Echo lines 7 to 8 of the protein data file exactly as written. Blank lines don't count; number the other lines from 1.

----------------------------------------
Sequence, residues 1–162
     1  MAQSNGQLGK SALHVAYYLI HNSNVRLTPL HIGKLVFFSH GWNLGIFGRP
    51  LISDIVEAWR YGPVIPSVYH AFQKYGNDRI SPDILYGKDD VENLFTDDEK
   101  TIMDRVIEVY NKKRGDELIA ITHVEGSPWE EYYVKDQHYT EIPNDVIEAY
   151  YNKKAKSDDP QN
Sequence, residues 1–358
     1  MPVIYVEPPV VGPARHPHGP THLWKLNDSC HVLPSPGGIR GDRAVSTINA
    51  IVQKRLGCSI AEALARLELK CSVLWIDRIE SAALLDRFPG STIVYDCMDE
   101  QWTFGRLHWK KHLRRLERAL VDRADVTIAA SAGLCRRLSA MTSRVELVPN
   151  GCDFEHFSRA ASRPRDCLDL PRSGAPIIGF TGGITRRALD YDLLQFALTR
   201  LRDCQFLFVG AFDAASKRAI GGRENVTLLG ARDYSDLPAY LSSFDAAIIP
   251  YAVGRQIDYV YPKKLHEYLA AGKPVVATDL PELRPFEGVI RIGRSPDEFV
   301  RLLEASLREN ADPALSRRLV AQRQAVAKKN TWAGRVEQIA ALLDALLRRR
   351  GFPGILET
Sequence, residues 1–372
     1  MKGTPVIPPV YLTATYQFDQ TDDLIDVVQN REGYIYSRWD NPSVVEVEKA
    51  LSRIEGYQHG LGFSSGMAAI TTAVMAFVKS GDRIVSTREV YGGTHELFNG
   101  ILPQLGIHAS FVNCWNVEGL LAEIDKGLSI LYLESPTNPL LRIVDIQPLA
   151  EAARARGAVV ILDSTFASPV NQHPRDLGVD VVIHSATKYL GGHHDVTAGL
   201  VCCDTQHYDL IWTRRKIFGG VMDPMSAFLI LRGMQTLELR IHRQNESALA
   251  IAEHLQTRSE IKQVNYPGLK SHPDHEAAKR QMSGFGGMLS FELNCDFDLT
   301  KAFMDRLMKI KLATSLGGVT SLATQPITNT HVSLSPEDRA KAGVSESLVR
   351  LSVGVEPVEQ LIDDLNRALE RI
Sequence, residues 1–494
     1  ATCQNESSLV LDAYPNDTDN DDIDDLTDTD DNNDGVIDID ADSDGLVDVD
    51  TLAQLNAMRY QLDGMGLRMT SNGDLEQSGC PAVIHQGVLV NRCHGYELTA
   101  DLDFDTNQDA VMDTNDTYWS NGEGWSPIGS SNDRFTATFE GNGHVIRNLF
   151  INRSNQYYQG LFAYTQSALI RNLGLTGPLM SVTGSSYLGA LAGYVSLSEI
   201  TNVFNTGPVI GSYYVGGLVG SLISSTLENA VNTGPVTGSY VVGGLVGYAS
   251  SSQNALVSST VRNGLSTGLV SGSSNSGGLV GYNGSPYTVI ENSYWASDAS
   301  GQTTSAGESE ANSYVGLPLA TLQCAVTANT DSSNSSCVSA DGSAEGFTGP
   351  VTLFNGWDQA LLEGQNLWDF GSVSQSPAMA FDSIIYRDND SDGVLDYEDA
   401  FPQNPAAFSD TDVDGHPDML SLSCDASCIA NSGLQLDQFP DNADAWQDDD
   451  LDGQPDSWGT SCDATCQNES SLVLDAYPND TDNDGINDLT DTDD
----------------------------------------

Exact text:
     1  MPVIYVEPPV VGPARHPHGP THLWKLNDSC HVLPSPGGIR GDRAVSTINA
    51  IVQKRLGCSI AEALARLELK CSVLWIDRIE SAALLDRFPG STIVYDCMDE